Get Your Ass Into It! – Glutes Are Not Just for Sitting On

“Get your ass into it!” yells your coach as you half heartedly go through the motions of a workout or practice.  Does he really mean to use your butt muscles, or more metaphorically to put more effort into your movements?  The answer is likely a little of both, and you know that from way back when.

Let’s drill down into why “using your ass” in sports and gym exercises is critical to power, strength, and speed.  Regardless of your age and talent level, being able to successfully incorporate the glutes can transform your workouts, give you more distance off the tee, and allow you to hammer that ace first serve.  Unfortunately, most executives, professionals, and older adults use their glutes for resting their body weight on, aka, sitting a majority of the day.  Obviously sitting does nothing to make the glutes stronger.  Sitting makes your glutes lengthened and more difficult to generate power for working out and playing any sports.  Most people don’t know the potential that lies in the biggest muscle on their body.

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The main function of your glutes is to extend your hips.  The easiest way to explain it is standing up.  When you stand up from a seated position, your glutes contract along with your quadriceps, to get you off the chair.  Most people over rely on their quadriceps for these movements, which are shortened and tight due to sitting hours daily.  The quadriceps cannot generate the power and strength of the glute muscles when they are shortened, and often lead to knee-cap pain when they dominate in pushing movements.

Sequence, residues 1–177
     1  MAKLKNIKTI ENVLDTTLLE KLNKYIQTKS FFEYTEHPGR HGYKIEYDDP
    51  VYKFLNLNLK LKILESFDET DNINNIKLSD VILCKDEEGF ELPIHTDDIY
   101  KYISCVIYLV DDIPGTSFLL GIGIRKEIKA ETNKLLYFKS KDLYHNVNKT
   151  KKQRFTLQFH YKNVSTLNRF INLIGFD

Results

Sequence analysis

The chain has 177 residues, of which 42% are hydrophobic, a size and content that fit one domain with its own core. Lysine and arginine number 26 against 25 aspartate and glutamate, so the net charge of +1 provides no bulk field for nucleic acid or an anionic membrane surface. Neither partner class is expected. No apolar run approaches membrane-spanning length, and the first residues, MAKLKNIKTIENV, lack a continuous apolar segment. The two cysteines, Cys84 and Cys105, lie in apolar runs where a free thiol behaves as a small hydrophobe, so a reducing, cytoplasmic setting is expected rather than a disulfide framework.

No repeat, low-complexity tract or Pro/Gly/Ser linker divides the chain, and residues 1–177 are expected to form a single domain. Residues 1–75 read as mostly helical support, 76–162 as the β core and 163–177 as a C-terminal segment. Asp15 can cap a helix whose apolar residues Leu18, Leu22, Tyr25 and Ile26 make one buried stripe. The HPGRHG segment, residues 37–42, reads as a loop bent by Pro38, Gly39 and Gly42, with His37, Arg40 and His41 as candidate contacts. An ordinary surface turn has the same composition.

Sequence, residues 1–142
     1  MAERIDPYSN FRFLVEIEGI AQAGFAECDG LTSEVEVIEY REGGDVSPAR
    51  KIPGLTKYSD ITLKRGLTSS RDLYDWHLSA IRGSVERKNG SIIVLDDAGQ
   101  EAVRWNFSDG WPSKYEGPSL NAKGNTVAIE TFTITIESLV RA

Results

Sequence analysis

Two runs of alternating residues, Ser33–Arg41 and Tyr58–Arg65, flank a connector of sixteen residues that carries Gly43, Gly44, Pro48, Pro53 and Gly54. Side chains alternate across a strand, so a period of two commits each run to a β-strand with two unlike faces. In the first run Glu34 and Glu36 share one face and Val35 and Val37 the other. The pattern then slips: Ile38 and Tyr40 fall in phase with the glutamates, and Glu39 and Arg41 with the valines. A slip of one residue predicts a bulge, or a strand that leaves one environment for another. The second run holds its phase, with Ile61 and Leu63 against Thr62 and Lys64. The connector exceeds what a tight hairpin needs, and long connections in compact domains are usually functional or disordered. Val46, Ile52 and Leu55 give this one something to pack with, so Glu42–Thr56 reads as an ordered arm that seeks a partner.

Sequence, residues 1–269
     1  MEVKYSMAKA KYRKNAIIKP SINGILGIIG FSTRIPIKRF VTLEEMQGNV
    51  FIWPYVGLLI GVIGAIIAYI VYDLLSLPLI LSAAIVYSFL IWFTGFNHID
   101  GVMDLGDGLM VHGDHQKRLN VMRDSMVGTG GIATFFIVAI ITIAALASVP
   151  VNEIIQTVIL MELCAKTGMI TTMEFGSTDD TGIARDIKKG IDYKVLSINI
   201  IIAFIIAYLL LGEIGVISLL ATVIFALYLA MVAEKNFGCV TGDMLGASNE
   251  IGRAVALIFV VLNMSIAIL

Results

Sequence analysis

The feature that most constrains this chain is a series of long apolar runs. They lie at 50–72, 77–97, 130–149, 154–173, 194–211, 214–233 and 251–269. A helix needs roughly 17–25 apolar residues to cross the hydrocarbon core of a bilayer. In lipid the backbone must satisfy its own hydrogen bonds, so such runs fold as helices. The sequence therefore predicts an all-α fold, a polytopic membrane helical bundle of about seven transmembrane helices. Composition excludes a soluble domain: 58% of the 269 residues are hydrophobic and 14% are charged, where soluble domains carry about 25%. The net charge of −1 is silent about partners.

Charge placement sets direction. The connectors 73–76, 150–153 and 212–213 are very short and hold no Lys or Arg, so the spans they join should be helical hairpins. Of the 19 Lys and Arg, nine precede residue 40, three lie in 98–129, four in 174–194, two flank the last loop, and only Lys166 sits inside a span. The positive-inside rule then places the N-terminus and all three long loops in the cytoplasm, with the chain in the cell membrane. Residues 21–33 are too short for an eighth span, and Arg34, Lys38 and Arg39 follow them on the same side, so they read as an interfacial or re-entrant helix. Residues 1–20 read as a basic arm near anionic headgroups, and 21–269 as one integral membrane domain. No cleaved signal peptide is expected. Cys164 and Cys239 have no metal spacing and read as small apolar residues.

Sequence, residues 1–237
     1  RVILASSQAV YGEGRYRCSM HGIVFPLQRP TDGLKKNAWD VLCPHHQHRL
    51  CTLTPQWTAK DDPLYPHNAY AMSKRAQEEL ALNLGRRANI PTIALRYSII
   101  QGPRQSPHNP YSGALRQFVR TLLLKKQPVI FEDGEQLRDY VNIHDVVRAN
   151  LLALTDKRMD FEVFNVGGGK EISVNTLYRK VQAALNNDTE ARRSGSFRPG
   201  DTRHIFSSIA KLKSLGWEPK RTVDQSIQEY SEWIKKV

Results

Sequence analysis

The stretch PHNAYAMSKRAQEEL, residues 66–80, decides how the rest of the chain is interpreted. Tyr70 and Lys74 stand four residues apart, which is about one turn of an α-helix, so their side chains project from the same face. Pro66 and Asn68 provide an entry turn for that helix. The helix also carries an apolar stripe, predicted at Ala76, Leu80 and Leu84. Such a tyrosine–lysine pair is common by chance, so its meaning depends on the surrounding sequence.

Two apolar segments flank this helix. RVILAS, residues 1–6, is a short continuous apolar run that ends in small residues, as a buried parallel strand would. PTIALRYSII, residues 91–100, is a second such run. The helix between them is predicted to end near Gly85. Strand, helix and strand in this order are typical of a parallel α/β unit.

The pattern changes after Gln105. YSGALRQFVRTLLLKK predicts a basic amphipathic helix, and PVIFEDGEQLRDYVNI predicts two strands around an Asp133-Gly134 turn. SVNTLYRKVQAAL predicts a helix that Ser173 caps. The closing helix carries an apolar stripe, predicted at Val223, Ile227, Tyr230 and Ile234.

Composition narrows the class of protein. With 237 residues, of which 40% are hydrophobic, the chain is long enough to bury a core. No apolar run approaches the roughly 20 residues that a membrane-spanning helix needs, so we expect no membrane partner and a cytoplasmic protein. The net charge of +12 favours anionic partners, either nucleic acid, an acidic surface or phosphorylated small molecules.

Training the glutes to be the prime power generator is not simply doing squats, lunges, and deadlifts till they fall off.  It starts with smaller isolated exercises like lying face down and raising your straight leg high as you can off the ground.  Another move called a bird dog helps to activate your glutes and your rear shoulder muscles.  Being able to contract your glutes for full hip extension takes the strain off your quadriceps and knees, allowing for more range of motion for any squatting movements.  This also means picking up a bag of mulch or dog food from the ground easier and putting less stress on your lower back.  Being an athlete in the game of life isn’t always about lifting weights or playing sports, it’s about doing life’s activities easier and more often.

Photo by Florian Doppler on Pexels.com

For women, they love training glutes for that curvy look.  Aesthetics are important and I’d be telling a lie saying I don’t look at a woman’s butt that’s shapely.  Ladies, you look at women’s butts too AND men’s.  Everyone knows it. From a functional standpoint, learning how to activate your glutes helps you to stand up taller, shift your weight in a golf swing for more distance, explode into an overhand smash and serve, and sprint faster in a race.  Look at a Thoroughbred’s rear legs and glutes.  That’s what powers those amazing animals to run at the speeds they do.  Once you learn to activate the glutes in a lunge, squat, and deadlift, your lifting amount increases while chance of injury decreases. 

To learn how to train your glutes as part of a total body exercise program, sign up for my executive or active aging coaching program at mattpeale.com.  I just scratched the surface in this blog on why getting your ass into it is the game changer your posture and athletic performance need.  You can take any tennis or golf lessons you want, unless you learn from me how to activate the muscles you sit on all day, you’re missing out on your potential.  Go to my site and invest a few minutes into what Competing as an Athlete in the Game of Life can do for you!

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